Shifting Quality: 8 Speed vs 9 Speed vs 10 Speed vs 11 Speed Cassettes
Are there any shifting quality differences between said cassettes?
I heard an opinion today regarding said cassettes in that when they started adding gears beyond 8, it apparently affected shifting quality via moving the cogs closer together, etc.
If so (To any degree) can someone expand on this?
Does an 8 speed or a 9 speed shift smoother than a 10 speed or an 11 speed?
Thanks for any input .
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I'd say that there's a much bigger difference in quality between a nice, new cassette and chain and a crappy, worn-out cassette and chain. I think cheaper cassettes below a certain point tend to wear faster, or have less tolerance for wear, but I don't think that there's anything inherent about an 8-speed cassette that would make it shift less smoothly.
FWIW, I currently have a bike with a 6-speed freewheel, two with 9-speed cassettes, and one with a 10-speed cassette. I had 8 on one of the 9-speed bikes for a while. I get good shifting out of all of them, although on both the mountain bike and the 'cross bike (the two 9-speed bikes,) I notice a lot of degradation when mud starts getting sprayed into the cassette, or all over the bottom bracket. Go figure. On the road bike, which I generally only ride in cleanish conditions, shifting usually only gets bad if I screw up the tune or buy a new chain and discover I'm due for a cassette too.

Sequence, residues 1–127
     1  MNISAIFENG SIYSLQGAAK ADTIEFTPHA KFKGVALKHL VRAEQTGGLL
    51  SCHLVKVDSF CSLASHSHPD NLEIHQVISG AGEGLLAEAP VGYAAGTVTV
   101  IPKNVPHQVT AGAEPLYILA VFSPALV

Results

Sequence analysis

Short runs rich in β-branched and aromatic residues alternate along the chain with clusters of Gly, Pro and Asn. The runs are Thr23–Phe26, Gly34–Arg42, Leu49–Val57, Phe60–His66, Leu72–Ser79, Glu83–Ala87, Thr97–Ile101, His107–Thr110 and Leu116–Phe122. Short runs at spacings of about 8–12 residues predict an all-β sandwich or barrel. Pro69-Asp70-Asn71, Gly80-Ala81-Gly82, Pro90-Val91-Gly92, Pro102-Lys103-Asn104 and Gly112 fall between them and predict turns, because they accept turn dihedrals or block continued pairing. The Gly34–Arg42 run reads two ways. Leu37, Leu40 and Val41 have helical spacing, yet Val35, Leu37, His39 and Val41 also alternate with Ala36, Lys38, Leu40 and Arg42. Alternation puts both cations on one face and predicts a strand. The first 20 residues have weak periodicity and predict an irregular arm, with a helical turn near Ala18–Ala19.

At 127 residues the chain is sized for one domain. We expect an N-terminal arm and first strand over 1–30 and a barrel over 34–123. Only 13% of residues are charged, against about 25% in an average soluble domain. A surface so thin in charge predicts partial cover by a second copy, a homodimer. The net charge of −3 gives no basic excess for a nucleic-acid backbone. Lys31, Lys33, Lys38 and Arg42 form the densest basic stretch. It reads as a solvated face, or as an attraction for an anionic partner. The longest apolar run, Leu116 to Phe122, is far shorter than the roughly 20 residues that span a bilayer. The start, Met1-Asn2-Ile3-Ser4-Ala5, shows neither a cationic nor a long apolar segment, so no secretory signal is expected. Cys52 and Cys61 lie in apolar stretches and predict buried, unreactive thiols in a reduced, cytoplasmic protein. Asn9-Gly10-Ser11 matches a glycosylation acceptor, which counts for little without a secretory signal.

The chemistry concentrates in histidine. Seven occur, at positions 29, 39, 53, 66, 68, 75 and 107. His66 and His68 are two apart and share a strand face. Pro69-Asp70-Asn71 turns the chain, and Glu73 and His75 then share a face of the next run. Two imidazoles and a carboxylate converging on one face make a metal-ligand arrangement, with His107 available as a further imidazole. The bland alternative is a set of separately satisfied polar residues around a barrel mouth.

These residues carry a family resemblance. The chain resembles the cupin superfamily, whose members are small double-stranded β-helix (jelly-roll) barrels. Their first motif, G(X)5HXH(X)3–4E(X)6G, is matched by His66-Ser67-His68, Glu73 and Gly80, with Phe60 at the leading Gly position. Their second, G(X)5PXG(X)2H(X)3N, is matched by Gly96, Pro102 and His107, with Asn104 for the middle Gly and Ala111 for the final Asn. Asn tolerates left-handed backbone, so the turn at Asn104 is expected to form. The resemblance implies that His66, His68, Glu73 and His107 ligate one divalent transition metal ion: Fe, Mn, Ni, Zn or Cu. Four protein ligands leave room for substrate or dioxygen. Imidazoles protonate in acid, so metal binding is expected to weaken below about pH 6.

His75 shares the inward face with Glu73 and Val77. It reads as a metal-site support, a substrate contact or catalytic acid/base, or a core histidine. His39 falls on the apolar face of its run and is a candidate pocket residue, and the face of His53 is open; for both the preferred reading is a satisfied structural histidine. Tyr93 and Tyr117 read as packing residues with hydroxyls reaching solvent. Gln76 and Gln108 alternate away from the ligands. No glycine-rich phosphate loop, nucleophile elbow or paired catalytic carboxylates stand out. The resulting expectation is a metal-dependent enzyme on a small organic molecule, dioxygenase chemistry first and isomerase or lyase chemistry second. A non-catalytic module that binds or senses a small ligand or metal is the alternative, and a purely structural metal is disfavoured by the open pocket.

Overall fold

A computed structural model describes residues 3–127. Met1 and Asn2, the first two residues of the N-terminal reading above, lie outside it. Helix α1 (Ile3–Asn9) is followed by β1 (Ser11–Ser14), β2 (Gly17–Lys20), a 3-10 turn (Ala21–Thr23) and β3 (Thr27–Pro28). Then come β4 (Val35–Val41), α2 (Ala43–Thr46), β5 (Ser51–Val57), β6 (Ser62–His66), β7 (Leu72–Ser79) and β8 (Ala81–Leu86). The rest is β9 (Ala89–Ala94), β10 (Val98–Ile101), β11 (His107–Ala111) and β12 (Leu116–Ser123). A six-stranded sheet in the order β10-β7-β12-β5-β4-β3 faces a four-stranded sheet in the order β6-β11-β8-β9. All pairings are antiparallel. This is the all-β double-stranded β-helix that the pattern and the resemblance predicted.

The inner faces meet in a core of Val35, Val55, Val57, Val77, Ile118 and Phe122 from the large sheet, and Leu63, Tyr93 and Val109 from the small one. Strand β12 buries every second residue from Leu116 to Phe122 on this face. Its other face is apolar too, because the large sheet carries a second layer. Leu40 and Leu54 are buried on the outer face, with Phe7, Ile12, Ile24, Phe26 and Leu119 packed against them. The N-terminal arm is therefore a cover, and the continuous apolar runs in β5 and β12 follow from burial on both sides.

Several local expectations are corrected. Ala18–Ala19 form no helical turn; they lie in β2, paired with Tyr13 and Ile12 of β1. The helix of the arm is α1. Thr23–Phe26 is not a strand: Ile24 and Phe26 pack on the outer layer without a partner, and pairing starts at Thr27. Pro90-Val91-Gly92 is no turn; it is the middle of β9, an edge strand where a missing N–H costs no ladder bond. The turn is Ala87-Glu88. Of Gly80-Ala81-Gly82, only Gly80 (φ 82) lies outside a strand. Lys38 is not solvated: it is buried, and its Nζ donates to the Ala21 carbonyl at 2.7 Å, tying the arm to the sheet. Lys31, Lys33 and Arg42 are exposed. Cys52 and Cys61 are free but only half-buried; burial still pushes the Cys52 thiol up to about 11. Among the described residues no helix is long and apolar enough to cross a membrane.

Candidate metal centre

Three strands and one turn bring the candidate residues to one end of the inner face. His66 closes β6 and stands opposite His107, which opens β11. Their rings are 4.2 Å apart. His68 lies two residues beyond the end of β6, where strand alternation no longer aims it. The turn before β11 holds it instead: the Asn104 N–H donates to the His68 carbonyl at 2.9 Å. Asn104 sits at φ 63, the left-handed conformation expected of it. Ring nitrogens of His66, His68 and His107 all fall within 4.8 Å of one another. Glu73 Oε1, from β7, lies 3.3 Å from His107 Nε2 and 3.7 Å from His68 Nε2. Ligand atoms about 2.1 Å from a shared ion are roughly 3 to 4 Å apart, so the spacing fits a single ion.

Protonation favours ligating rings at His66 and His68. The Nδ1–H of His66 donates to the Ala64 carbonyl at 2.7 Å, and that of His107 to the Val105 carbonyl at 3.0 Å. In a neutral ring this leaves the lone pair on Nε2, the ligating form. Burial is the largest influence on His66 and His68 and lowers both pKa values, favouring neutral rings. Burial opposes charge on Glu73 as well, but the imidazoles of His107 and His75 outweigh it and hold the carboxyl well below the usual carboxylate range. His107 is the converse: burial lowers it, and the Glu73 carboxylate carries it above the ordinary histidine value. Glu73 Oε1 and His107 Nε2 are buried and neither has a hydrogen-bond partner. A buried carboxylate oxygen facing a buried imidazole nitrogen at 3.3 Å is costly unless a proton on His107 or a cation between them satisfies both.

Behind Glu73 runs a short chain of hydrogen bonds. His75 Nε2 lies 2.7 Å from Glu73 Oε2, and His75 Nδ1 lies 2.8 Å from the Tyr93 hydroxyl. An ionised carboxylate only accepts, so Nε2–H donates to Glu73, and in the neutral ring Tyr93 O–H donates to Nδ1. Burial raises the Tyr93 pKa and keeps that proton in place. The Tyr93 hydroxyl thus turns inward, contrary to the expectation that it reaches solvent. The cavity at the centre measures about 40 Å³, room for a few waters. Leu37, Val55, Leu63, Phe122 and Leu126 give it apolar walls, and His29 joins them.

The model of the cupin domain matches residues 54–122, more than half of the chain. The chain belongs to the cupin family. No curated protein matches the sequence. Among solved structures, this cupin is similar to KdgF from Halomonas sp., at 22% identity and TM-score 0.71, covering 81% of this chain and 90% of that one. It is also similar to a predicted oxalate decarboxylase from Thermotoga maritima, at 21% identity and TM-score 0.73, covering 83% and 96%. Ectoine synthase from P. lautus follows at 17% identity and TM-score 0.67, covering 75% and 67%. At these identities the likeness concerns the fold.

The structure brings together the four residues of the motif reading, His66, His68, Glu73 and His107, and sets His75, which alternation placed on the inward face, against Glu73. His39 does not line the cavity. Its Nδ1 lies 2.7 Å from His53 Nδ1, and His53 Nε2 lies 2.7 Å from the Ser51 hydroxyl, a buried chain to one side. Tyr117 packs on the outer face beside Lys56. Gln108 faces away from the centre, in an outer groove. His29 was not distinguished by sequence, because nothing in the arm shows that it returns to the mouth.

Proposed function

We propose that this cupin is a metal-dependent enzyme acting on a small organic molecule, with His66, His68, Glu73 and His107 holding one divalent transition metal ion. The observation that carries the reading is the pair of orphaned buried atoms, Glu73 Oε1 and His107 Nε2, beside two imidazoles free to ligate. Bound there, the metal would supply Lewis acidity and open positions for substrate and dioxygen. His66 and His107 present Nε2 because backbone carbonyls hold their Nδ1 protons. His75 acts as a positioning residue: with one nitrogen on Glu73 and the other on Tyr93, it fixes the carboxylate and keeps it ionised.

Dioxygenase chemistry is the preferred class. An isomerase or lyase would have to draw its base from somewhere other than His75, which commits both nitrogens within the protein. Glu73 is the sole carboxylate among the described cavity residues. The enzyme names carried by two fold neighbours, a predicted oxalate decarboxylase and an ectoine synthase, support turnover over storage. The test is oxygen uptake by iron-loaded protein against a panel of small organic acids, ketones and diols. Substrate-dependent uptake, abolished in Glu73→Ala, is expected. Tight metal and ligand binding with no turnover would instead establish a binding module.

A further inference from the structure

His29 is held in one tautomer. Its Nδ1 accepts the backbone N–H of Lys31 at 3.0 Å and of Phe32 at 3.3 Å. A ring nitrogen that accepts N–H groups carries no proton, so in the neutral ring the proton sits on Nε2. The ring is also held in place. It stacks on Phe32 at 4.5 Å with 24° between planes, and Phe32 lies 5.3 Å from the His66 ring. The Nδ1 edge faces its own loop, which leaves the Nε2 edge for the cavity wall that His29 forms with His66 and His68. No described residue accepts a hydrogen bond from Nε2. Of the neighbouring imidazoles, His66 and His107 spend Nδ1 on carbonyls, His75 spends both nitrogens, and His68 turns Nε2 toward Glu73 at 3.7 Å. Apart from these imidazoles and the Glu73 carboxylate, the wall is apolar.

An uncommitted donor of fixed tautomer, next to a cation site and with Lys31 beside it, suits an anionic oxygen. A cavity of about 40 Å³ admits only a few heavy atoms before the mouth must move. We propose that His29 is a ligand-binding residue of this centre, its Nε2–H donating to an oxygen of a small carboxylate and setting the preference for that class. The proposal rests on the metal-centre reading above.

Originally Posted by AndrwSwitch
You often read that people buy the latest groupset and say that shifting is much better when in reality they replace old worn our parts with new parts..
In my experience, there isn't much difference in shifting between 8,9 or 10 speed however I feel it's easier to keep an 8 speed in tune since the tolerances aren't as tight.
I agree with what's been offered thus far, but IMO/E all things being equal (as in, comparing new 8, 9, 10 spd drivetrains) the more cogs, the tighter the tolerances. Drivetrains being mechanical, those tight tolerances mean (for example) keeping the 10 spd drivetrain cleaner and in a better state of tune than say an 8 or 9 spd.
Originally Posted by Dave Hickey
JMO, but I think the best compromise was/ is 9 speed drivetrains, but I wouldn't base a buying decision on that opinion, because with minimal care the current 10 spd groupsets perform well. What's more important is matching gearing to the terrain and fitness of the rider.
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